But if you have a Health Savings Account (HSA), like I do, you’ve probably asked yourself more than once whether your account is in the right place and whether you’re getting the most mileage out of it.
HSA accounts haven’t been around all that long, and it hasn’t been easy to compare various alternatives.
I know that all too well. I’ve often been frustrated and dissatisfied dealing with my HSA account provider.
Getting on the website is like trying to break into the CIA, involving multiple login screens and confusing account menus. Want to change investments? Good luck with that. It took me several tries before finally succeeding at getting excess funds out of cash and into the investment options (and keep in mind this is kinda what I do all day). If I had to rank my HSA account provider, I would grudgingly give them no better than a “C.”
(Note: just to clarify, the company holding your HSA Saving Account is totally separate from the insurance company issuing the HSA-qualifying high-deductible health policy).
Now, help is here. Investment analysts at Morningstar recently completed their 2nd annual ranking of HSA accounts. They spent hours sorting out all the options so you don’t have to. If you’re in the market for a new HSA account, or are interested in moving your existing HSA account (like I might!), check out their research to get pointed in the right direction.
But first some background. What’s an HSA?
A Health Savings Account (or HSA) is a great way to save for current or future medical expenses on a tax-free basis.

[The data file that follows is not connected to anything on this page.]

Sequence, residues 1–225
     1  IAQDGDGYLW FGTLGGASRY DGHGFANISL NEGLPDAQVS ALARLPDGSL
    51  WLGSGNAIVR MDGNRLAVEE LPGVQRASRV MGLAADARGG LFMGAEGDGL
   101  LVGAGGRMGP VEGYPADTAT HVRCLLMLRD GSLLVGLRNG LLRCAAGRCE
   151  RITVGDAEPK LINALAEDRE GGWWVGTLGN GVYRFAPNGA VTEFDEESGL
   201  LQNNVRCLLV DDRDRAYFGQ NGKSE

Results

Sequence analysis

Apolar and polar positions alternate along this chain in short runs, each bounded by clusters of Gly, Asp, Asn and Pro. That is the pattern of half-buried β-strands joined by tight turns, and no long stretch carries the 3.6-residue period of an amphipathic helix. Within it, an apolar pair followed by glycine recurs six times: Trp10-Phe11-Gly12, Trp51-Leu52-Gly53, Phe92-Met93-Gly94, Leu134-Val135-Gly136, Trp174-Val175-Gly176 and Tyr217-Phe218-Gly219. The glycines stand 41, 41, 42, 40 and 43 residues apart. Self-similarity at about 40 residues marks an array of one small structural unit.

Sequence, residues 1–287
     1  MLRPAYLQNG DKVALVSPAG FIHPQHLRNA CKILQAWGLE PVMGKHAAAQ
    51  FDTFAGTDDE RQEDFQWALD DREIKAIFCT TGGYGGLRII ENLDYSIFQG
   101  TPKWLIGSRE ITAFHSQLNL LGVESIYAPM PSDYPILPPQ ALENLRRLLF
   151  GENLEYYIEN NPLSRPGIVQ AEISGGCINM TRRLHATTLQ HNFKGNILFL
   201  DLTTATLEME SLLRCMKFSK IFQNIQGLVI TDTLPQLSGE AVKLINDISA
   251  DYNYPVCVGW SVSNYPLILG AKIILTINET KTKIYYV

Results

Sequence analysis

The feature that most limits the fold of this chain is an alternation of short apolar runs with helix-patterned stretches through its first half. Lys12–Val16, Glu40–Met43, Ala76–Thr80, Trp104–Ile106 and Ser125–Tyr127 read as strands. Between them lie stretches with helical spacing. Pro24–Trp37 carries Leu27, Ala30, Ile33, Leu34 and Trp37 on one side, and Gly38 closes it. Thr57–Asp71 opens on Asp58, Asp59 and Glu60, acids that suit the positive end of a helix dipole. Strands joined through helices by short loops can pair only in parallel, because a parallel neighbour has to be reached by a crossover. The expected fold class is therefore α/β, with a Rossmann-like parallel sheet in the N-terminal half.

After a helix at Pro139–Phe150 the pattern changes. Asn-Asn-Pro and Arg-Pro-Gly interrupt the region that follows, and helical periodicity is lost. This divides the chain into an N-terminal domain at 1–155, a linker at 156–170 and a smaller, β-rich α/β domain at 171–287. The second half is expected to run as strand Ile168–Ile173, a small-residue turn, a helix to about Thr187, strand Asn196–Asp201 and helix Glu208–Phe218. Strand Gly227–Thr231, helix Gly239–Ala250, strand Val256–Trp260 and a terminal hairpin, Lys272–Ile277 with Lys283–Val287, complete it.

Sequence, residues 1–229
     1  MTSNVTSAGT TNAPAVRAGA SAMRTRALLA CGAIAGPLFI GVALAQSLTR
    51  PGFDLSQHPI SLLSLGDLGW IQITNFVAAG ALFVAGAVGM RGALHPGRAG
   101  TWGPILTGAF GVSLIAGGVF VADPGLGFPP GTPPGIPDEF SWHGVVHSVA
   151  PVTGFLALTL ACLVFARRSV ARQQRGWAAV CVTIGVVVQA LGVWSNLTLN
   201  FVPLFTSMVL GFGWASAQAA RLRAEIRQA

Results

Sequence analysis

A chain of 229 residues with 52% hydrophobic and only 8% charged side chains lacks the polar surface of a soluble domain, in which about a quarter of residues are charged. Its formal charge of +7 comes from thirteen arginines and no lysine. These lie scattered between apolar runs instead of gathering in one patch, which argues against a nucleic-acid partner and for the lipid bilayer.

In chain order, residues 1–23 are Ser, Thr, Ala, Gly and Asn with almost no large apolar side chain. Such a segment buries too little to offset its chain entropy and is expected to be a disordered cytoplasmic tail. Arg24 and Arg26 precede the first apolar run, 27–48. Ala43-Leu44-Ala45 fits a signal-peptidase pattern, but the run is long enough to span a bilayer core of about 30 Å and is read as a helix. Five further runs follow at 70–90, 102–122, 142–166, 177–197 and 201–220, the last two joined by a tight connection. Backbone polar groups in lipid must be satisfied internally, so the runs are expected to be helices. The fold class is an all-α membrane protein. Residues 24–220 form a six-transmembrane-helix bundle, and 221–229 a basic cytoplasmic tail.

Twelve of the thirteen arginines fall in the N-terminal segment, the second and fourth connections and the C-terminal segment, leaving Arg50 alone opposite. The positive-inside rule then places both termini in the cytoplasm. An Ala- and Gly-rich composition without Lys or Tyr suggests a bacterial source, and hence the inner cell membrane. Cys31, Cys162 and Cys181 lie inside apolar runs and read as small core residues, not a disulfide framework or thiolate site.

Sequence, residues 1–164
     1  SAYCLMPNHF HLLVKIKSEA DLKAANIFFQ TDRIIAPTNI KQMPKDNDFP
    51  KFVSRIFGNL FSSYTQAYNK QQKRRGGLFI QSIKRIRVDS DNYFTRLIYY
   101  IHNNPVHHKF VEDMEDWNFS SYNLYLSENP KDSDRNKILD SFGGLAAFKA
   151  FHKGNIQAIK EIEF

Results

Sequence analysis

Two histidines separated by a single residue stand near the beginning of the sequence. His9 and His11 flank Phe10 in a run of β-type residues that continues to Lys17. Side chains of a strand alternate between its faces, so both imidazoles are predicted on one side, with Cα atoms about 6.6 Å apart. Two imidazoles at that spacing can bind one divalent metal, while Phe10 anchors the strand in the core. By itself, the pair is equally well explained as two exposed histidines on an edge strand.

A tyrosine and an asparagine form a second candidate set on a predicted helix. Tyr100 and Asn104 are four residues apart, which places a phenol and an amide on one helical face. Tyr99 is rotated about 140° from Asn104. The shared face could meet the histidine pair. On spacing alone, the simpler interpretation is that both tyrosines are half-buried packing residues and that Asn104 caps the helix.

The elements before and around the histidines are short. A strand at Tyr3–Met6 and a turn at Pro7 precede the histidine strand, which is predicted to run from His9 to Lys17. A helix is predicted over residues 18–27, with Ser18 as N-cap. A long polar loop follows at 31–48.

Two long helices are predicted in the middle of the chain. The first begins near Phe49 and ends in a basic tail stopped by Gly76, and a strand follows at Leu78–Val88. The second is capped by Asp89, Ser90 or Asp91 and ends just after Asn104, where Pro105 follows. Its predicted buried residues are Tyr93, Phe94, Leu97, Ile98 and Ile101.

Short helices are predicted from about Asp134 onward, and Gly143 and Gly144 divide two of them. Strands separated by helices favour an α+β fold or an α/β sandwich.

You can set up a HSA if you have a high-deductible medical insurance plan. For your health plan to qualify as a high-deductible policy, it needs a minimum deductible of $1,350 for self-only coverage, and a minimum deductible of $2,700 for a family plan.
You may hear HSA accounts being called “triple tax-free.”
They are, and here’s why. You get a deduction for funds you contribute to a HSA, you can withdraw funds to pay medical expenses on a tax-free basis, and the account grows tax-free until you use the money. That’s three levels of tax benefits.
What can I contribute to an HSA each year?
In 2019, you can contribute up to $3,500 to an HSA if you have self-only coverage or up to $7,000 if you have family coverage. Over age 55 by the end of 2019? You can contribute an extra $1,000 to your single or family plan.
And the HSA winner is….
Morningstar ranked HSA accounts on two dimensions – how easy it is for you to pay medical bills using HSA dollars, and how well you can invest and grow the dollars you’ve saved to cover future bills. Their research revealed one clear winner (not the company I’m currently using, by the way) and a few runner-ups. Their top choice was The HSA Authority, although the best option for you will depend on your individual circumstances and priorities.